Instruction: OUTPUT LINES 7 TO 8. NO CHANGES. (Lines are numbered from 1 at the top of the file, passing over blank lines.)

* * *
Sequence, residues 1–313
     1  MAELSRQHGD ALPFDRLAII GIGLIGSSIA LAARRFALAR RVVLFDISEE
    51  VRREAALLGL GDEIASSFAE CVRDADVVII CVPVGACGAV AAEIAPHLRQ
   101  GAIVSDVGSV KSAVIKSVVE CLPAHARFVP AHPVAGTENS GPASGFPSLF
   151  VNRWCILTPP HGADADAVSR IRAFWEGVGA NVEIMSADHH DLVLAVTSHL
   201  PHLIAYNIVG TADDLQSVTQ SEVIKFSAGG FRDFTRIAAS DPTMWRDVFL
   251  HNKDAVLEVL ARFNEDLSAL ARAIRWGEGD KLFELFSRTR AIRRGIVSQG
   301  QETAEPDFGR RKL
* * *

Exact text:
   251  HNKDAVLEVL ARFNEDLSAL ARAIRWGEGD KLFELFSRTR AIRRGIVSQG
   301  QETAEPDFGR RKL